The Ford-Fulkerson method works as follows.
First we set the flow of each edge to zero.
Then we look for an **augmenting path** from $s$ to $t$.
An augmenting path is simple path in the residual graph, i.e. along the edges whose residual capacity is positive.
Is such a path is found, then we can add increase the flow along these edges.
We keep on searching for augmenting paths and increasing the flow.
Once there doesn't exists an augmenting path any more, the flow is maximal.

Let us specify in more detail, what increasing the flow along an augmenting path means. Let $C$ be the smallest residual capacity of the edges in the path. Then we increase the flow in the following way: we update $f((u, v)) ~\text{+=}~ C$ and $f((v, u)) ~\text{-=}~ C$ for every edge $(u, v)$ in the path.

Here is an example to demonstrate the method. We use the same flow network as above. Initially we start with a flow of 0.

We can find the path $s - A - B - t$ with the residual capacities 7, 5 and 8. Their minimum is 5, therefore we can increase the flow along this path by 5. This gives a flow of 5 for the network.

Again we look for an augmenting path, this time we find $s - D - A - C - t$ with the residual capacities 4, 3, 3 and 5. Therefore we can increase the flow by 3 and we get a flow of 8 for the network.

This time we find the path $s - D - C - B - t$ with the residual capacities 1, 2, 3 and 3, and we increase by 1.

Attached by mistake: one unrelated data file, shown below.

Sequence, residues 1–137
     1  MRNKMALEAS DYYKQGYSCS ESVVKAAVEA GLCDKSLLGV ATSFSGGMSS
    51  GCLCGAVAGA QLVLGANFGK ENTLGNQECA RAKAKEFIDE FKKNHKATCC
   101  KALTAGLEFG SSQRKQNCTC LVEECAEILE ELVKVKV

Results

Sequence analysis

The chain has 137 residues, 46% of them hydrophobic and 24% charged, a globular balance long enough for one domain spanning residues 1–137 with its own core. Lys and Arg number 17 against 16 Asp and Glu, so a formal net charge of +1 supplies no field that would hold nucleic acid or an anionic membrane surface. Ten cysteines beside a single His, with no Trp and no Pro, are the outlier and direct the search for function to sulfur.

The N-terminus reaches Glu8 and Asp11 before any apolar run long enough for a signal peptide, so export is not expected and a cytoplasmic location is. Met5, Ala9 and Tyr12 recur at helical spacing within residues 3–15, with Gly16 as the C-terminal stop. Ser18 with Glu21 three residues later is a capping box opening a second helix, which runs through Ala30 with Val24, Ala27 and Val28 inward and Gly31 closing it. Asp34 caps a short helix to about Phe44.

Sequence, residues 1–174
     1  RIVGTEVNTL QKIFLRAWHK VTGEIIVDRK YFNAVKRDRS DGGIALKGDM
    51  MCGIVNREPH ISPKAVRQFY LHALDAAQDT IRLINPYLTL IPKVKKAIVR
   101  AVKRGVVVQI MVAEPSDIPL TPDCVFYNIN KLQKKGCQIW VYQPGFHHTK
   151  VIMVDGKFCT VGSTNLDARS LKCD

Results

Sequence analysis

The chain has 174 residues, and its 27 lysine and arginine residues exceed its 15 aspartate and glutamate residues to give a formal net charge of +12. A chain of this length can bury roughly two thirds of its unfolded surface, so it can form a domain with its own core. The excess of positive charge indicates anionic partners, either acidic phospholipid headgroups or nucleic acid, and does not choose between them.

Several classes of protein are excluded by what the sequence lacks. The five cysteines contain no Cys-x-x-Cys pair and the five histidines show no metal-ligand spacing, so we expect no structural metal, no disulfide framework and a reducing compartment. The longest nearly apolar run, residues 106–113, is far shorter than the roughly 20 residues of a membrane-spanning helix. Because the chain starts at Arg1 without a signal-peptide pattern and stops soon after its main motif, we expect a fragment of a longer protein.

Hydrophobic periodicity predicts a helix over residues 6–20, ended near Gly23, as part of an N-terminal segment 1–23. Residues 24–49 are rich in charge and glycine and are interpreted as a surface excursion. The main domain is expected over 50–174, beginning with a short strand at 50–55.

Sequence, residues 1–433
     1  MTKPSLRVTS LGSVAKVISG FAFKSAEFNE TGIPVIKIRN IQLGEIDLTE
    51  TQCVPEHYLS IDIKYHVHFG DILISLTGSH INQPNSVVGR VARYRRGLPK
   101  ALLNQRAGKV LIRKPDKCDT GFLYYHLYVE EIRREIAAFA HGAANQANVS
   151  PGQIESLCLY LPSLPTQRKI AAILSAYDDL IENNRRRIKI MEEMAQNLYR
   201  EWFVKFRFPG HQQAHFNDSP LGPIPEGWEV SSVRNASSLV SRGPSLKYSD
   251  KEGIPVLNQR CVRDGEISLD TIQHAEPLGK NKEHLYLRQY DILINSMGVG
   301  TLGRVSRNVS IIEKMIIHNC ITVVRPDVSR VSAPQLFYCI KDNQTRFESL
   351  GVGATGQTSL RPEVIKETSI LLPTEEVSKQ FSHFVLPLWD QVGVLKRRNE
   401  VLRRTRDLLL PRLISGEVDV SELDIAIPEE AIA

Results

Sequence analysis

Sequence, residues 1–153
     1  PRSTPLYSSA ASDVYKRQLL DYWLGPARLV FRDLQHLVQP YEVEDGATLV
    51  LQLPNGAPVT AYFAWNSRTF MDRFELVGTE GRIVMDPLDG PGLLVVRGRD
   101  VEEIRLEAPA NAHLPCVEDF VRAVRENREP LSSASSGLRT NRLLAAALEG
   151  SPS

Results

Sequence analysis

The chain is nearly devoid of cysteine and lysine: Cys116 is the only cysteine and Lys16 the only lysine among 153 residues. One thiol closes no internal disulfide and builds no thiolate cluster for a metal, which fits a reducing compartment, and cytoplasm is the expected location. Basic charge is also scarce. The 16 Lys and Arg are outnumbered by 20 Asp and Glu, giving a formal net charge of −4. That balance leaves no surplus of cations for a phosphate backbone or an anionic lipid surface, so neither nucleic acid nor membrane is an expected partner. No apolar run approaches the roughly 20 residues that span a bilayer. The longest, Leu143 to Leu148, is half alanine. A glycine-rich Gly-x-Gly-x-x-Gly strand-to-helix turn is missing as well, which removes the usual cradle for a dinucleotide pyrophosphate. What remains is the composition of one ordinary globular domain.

This time we find the augmenting path $s - A - D - C - t$ with the residual capacities 2, 3, 1 and 2. We can increase by 1. But this path is very interesting. It includes the reversed edge $(A, D)$. In the original flow network we are not allowed to send any flow from $A$ to $D$. But because we already have a flow of 3 from $D$ to $A$ this is possible. The intuition of it is the following: Instead of sending a flow of 3 from $D$ to $A$, we only send 2 and compensate this by sending an additional flow of 1 from $s$ to $A$, which allows us to send an additional flow of 1 along the path $D - C - t$.

Now it is impossible to find an augmenting path between $s$ and $t$, therefore this flow of $10$ is the maximal possible. We have found the maximal flow.

It should be noted, that the Ford-Fulkerson method doesn't specify a method of finding the augmenting path. Possible approaches are using DFS or BFS which both work in $O(E)$. If all capacities of the network are integers, then for each augmenting path the flow of the network increases by at least 1 (for more details see Integral flow theorem). Therefore the complexity of Ford-Fulkerson is $O(E F)$, where $F$ is the maximal flow of the network. In case of rational capacities, the algorithm will also terminate, but the complexity is not bounded. In case of irrational capacities, the algorithm might never terminate, and might not even converge to the maximal flow.

Edmonds-Karp algorithm is just an implementation of the Ford-Fulkerson method that uses BFS for finding augmenting paths. The algorithm was first published by Yefim Dinitz in 1970, and later independently published by Jack Edmonds and Richard Karp in 1972.